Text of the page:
Earlier this year, the Internal Revenue Service proposed regulations that address when an allocation of income by a partnership to a partner in exchange for services is really a disguised fee that should be taxable to the service provider, not as a partnership allocation, but as ordinary compensatory income. While directed primarily at the practice of “fee waivers” by investment advisers who provide asset management services to private equity and hedge funds, the proposed regulations may also cast doubt on the use of certain special income allocations to other sorts of service providers to a partnership.

Section 707(a)(2)(A) of the Internal Revenue Code distinguishes between allocations and distributions from a partnership to a partner that are received in a partner capacity, and are therefore taxed as a distributive share of partnership income and may involve a pass-through of capital gains, and allocations and distributions received in a non-partner capacity, such as payments for services that are taxable to the service provider at ordinary income rates. The proposed regulations under the statute explain that an arrangement will be treated as a disguised payment for services if a person provides services to the partnership and is allocated partnership income in return, but the transaction is really one between the partnership and the service provider acting in a non-partner capacity.

The proposed regulations then provide a non-exclusive list of factors that may indicate that the services are provided in a non-partner capacity. The most important of these factors is whether the arrangement lacks “significant entrepreneurial risk” to the service provider. The presence of any of the factors listed in the regulations (below) will create a presumption that there is no significant entrepreneurial risk.

  • An allocation (under a formula or otherwise) that is predominantly fixed in amount or is reasonably determinable.
  • All allocation (under a formula or otherwise) that is designed to ensure that sufficient profits are “highly likely to be available” to make the allocation (because, for example, the allocation is from the net profits of specific transactions or specific accounting periods, and does not depend on the long-term future success of the enterprise).
  • Capped allocations of income if the cap is expected to apply in most years.
  • Allocations for one or more years where the service provider’s share of income is “reasonably certain.”
  • Allocations of gross income.
  • Certain late or non-binding fee waivers.

If the allocation does have “significant entrepreneurial risk,” it will generally notconstitute a payment for services. However, the existence of the certain other additional factors set forth in the regulation may establish otherwise.

If the services are provided in a capacity other than as a partner, the taxpayers must then look to “relevant authorities” to determine the status of the service provider, as either an independent contractor or as an employee.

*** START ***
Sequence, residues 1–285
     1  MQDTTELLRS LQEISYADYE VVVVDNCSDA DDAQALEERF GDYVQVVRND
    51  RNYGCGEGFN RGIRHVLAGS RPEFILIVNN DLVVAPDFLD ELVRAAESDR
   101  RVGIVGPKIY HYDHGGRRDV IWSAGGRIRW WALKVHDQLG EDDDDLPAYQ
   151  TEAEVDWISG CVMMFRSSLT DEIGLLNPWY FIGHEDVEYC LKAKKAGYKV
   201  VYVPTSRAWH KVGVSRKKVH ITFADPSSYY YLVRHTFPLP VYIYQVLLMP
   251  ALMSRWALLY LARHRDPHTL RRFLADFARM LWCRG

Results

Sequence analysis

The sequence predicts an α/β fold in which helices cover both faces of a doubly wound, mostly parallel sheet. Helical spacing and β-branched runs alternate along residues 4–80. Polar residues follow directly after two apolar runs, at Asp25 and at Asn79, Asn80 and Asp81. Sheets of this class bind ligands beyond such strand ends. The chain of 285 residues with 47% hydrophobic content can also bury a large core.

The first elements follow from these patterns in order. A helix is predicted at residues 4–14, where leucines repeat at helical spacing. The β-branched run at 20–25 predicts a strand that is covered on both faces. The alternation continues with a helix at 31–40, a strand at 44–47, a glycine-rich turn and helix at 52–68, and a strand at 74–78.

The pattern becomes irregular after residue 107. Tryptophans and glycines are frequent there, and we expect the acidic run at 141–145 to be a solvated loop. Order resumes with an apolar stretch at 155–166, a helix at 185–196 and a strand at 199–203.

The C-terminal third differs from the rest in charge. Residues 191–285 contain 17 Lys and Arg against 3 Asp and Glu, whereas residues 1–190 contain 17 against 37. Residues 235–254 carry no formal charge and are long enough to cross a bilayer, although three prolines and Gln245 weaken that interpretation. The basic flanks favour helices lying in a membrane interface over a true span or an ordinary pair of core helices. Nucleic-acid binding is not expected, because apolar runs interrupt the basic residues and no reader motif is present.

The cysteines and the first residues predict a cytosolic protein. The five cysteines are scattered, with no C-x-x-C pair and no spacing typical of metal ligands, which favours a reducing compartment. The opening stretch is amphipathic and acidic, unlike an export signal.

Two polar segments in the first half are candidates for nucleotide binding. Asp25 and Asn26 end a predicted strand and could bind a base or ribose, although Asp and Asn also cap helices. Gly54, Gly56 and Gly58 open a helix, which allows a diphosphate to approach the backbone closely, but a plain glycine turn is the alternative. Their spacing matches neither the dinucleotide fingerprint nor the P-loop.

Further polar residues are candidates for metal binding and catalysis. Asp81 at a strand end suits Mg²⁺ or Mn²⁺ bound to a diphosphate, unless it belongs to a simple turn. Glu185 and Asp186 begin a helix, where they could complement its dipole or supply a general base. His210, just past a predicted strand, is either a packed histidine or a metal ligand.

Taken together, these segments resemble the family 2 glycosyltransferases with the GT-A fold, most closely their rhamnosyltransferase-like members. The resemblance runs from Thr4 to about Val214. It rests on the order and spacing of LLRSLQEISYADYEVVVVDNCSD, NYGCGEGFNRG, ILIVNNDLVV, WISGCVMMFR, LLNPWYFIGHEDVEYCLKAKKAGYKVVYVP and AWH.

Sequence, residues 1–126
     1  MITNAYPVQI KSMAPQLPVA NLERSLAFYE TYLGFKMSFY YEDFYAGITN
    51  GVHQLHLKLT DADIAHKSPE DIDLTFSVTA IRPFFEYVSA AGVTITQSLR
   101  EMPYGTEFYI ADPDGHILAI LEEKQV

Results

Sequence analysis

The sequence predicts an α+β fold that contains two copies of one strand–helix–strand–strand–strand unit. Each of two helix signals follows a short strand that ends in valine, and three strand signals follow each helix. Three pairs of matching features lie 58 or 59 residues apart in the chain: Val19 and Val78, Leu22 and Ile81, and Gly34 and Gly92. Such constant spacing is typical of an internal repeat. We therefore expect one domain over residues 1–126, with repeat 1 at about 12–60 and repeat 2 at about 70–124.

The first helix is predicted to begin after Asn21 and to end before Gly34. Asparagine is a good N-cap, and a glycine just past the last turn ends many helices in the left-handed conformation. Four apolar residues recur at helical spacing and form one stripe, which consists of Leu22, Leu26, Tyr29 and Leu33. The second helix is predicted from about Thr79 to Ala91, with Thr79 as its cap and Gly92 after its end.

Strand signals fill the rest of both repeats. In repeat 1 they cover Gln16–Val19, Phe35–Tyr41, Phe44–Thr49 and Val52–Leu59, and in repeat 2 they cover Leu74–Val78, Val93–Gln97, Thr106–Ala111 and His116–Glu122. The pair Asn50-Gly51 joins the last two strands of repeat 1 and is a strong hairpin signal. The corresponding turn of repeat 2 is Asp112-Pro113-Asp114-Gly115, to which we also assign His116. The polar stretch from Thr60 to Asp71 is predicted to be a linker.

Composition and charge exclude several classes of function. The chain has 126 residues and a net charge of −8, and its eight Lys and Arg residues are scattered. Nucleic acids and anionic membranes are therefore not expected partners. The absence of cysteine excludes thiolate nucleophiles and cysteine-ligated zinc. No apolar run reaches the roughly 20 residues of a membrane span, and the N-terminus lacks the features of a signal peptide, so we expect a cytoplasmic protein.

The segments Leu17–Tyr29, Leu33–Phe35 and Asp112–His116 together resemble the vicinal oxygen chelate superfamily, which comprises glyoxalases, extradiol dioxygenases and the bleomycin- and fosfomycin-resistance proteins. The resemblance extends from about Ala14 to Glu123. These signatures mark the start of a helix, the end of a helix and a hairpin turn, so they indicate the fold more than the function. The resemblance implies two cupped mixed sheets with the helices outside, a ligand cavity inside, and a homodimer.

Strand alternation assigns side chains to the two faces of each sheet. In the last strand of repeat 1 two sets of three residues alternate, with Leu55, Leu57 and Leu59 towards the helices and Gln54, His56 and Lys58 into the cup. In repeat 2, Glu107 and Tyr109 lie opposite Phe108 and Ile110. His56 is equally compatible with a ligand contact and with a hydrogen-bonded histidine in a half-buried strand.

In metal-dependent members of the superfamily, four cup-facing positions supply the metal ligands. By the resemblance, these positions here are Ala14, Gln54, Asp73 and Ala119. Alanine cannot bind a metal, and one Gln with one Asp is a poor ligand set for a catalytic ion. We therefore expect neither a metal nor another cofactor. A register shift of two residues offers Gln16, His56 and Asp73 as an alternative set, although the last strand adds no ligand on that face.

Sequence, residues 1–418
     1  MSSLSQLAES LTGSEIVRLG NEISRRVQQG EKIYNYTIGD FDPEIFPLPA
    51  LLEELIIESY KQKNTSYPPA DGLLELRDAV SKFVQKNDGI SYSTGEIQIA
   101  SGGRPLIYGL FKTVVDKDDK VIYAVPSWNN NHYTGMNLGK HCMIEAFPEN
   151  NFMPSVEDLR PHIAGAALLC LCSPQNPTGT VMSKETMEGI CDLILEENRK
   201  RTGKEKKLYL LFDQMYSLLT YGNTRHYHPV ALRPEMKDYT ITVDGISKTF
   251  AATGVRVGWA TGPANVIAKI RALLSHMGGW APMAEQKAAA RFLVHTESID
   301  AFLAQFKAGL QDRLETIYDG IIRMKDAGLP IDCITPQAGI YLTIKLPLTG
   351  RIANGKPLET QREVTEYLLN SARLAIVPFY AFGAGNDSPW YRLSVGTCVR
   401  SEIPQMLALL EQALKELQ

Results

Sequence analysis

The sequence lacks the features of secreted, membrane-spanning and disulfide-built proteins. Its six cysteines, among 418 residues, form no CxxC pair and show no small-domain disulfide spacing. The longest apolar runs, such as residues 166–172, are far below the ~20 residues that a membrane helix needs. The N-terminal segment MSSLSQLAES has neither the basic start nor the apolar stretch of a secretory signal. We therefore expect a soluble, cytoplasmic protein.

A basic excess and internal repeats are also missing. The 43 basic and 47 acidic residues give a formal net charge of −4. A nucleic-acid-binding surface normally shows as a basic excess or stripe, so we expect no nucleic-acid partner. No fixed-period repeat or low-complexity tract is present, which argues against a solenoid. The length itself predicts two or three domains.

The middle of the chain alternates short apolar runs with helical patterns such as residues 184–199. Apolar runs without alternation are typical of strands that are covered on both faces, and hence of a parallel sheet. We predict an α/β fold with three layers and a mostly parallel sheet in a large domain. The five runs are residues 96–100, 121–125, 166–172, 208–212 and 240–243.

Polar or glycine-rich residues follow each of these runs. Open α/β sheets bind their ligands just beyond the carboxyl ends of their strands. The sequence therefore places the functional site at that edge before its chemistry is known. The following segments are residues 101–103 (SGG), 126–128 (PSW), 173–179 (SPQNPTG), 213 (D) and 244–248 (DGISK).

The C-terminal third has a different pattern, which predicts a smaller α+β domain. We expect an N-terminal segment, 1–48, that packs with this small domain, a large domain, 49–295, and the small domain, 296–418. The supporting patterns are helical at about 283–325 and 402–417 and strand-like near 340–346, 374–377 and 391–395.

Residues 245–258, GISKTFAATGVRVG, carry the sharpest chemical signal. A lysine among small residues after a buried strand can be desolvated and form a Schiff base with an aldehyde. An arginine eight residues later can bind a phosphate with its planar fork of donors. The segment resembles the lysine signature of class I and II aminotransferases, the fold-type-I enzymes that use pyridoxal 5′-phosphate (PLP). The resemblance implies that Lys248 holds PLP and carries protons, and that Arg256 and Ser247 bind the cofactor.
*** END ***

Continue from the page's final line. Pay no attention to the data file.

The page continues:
The proposed regulations are most directly addressed to the practice of fee waivers, a technique frequently used by private equity funds and some hedge funds to replace ordinary-income, fixed asset-based management fees with profits interests by permitting the manager to “waive” the management fee in return for an allocation of income as a partner. However, they also put some pressure on profits interests for partners or prospective partners (including employees being “promoted” to partner) that provide for priority, formula-based or other special allocations of income where there is a high likelihood that the service provider will receive the allocation regardless of the long-term business success of the partnership. For example, the following service provider income allocation designs may be at risk:

  • A profits interest in a partnership that provides for a priority allocation of income in a fixed-dollar amount or a fixed formula (perhaps with a cap), from the partnership’s first profits in a particular year.
  • Fixed dollar or formula allocations that carry over to the following and subsequent years to the extent unsatisfied in the initial year.
  • Allocations from income derived from the revaluation of “hard-to-value” partnership assets, where the service provider is in a position to control the timing and amount of the revaluations.

While the proposed regulations will apply only prospectively (to arrangements entered into or modified after publication of the final rules) the preamble notes that the proposed regulations generally reflect congressional intent in crafting Section 707(a)(2)(A), possibly also signaling the current view of the IRS with respect to existing arrangements. Accordingly, care should be taken when crafting priority, delayed, or other special income allocations for service provider partners.